In Conversation with... Zaim Kamal, Creative Director of Montblanc
The Self Stylist speaks to the somewhat shy yet highly charismatic 52-year-old Zaim Kamal, Montblanc's creative director who enthuses about optimism, openness and his romantic take in life, After all, how can one overlook the designs of a such a wide spectrum of accessories from leather products to writing instruments and timepieces without that sense of "openness" Kamal talks about?
BY NG YI LIAN
Beside fashion, what design areas are you interested in? After all, aesthetics transcend different platforms.
Yes. You know, to study fashion, you have to know art, sculpture, graphics, industrial design... All these aspects are necessary knowledge for you to design fashion.
Well, it's just like fashion journalism. You need to know beyond fashion to know what references the designer are using and actually understand those references.
I cannot agree more! The history of design and the history of fashion are so closely related. This is something very important to understand in order to know the depth of design.
So what are your pet topics among all the different design platforms?
Ugh, how do I choose?
You know, Raf Simons didn't come from a fashion design background.
Yes exactly. I mean, I studied fine art and I like graphics very much in the way how they can represent things. Beautiful graphics always catch my eye. Also, shapes and materiality are what call out to me. Materials always excite me, be it the stiffness of metal, the flow of silk or the beautiful folds of leather. Materials always inspire me because if you study its folds and texture, it always tell you where it wants to go in terms of how it wants to be used.
Are materials your starting point when it comes to creating a new collection?
It depends. You also want to think about what you want to achieve on a broader perspective with the collection. For example, graphics also drive me because strong graphics [pointing to the 'Balenciaga' logo on my bag] with its are about creating enough identities and contrast from the background to stand out. That's why materials, when you put them together, they are complementary.
Thanks for making me feel better about carrying a logo-ed bag.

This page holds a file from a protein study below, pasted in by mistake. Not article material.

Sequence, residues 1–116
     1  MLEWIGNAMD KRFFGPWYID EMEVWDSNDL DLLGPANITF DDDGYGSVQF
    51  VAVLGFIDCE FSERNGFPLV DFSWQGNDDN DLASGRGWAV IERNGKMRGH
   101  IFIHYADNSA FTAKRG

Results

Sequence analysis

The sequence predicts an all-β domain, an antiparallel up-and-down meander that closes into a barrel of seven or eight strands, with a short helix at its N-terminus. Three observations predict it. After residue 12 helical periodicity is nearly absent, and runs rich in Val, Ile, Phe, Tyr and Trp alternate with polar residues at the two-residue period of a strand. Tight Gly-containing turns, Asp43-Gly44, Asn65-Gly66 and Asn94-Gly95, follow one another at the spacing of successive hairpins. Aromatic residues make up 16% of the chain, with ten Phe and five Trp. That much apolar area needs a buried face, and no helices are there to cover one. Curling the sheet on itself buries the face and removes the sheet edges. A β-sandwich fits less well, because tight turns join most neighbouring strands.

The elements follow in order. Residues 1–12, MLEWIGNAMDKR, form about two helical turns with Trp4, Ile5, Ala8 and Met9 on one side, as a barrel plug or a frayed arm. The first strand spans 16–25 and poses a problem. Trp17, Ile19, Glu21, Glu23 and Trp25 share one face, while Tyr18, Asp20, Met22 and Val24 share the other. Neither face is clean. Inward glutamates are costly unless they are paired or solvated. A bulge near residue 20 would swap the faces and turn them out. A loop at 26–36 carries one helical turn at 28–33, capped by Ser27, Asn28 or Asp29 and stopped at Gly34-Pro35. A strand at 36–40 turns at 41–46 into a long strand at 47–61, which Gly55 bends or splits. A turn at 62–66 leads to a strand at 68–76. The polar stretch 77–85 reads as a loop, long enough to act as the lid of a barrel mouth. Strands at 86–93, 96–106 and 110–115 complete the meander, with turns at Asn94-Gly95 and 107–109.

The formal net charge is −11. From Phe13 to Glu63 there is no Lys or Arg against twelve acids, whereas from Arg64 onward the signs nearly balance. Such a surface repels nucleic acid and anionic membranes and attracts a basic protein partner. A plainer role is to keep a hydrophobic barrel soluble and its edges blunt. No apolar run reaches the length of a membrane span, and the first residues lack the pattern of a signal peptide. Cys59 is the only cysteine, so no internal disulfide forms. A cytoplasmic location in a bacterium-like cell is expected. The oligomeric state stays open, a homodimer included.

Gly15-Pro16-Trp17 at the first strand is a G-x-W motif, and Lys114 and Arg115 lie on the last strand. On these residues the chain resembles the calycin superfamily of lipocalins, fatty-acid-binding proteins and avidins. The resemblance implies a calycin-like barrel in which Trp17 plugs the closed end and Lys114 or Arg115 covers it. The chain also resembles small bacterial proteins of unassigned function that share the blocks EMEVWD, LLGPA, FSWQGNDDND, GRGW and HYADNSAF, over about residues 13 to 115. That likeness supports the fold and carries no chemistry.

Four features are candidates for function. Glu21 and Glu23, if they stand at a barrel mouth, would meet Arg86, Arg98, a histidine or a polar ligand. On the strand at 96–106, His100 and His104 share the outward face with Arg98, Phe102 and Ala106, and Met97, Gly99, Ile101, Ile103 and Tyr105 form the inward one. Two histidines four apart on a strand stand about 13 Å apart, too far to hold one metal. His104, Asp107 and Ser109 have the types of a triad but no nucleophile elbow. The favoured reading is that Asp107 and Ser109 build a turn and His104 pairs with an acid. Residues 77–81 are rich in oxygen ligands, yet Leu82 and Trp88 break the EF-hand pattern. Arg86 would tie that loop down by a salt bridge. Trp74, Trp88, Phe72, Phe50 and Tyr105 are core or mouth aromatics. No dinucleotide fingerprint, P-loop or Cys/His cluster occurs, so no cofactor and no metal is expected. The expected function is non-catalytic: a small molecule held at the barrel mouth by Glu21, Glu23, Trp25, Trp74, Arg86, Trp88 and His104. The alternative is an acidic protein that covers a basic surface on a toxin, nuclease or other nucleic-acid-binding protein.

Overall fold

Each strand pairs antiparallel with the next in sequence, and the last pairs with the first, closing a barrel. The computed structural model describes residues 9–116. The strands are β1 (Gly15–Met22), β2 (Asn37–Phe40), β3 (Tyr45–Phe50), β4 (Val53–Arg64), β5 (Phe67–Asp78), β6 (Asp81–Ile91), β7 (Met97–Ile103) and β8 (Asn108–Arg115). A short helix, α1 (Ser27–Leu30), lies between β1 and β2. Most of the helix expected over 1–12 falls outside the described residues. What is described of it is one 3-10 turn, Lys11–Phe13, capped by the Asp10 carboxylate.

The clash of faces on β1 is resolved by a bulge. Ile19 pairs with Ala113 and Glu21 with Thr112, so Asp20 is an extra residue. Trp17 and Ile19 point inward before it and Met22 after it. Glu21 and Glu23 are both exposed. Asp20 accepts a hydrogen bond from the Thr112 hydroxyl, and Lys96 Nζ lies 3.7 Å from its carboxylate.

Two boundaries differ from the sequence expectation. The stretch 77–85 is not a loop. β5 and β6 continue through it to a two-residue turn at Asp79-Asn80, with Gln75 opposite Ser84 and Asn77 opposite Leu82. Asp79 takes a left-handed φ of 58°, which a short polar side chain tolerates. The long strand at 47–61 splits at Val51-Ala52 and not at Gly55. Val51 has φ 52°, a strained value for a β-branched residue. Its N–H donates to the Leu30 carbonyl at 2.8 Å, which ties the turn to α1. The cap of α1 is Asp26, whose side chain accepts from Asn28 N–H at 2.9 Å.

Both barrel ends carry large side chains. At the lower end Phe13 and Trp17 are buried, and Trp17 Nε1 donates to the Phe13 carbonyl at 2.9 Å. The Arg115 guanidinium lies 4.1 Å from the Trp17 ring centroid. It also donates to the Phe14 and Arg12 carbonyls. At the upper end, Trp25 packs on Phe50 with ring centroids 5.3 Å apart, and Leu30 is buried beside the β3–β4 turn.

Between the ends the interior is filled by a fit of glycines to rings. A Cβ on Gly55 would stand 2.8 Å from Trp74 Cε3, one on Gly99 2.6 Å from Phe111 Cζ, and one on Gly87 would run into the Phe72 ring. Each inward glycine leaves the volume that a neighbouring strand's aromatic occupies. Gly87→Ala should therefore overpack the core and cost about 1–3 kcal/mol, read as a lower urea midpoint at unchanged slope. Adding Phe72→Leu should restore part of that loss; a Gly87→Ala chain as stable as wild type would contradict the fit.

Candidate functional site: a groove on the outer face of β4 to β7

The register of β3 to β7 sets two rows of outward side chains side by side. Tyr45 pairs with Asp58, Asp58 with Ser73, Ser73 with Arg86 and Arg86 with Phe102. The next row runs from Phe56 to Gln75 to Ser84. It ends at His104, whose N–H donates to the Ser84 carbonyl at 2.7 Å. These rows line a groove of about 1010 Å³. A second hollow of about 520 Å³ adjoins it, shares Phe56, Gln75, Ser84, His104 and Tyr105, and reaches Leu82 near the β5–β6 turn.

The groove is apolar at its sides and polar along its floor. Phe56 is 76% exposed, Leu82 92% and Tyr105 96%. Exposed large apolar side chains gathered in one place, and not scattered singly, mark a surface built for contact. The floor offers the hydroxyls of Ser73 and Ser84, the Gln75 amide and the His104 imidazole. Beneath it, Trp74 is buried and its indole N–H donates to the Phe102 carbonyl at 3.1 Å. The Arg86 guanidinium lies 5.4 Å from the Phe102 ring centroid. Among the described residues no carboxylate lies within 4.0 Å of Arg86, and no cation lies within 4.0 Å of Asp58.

But the logo is also a design detail. A lot of thought goes into this logo. Yes it's a brand identity but it's definitely a design element too.
Mmm I like that idea. Very romantic.
Haha yes, I am very romantic.
What are your favourite material to work with, especially since you have to deal with so many, working with such a wide spectrum of products for Montblanc?
Leather. The sensuality of leather... Its texture, smell and folds. The way it's been used, the depth of the texture... I love that. But I do also like the contrast of the hardness of steel or metal. There are infinite ways of using steel. You can have it ruffled or smooth, dark or light. Oftentimes, the dichotomy of hard and soft always fascinates me.
I totally agree with that. I always like contrast in the outfits I style too. When you wear something feminine...
You want an edge to it.
Totally. With a touch of masculinity.
And this is what we call juxtaposing. You create a story with something in the complete opposite. That's what makes both of them interesting because it's no longer so one dimensional.
And that's also what makes the simplified notion of one adjective different.
Exactly. I also like the word 'antagonism'. When somebody narrates against what you actually want to narrate, that creates a story in itself. And in that very situation, you have juxtaposition and contrast. The storytelling is just endless.
You also mentioned earlier about music being an inspiration.
Music is also a big influence in my life. I do everything in my life based around music. Music is something I tie into certain moods. In our studio, music is always playing. I like anything with a distorted electric guitar. I'm a rock child at heart but my music tastes are very wild. One of the things I've always very carefully maintained in my life, is to never limit myself. Always to try something new - it could be an idea and it might not work but the thing is to never not try and I extend that ethos to every aspect in my life.
Do functionality and aesthetics ever make comfortable bedfellows?
Oh yah. Functionality is engineered to fulfil needs and needs fill up checklists. Tactility, aesthetics, is the beauty of functionality. It makes you desire it and it's emotional. So functionality without tactility is not going to work. You have to marry them with equal proportions and that's when they make the best bedfellows. Aesthetics evoke desires and emotions in people, even in the most subtle way. For example, even if you are not a car lover, if a beautiful, rare vintage car drives past, surely its curves and lines capture your attention somehow. You may not realised you are even attracted to it but that's what beauty does to humans.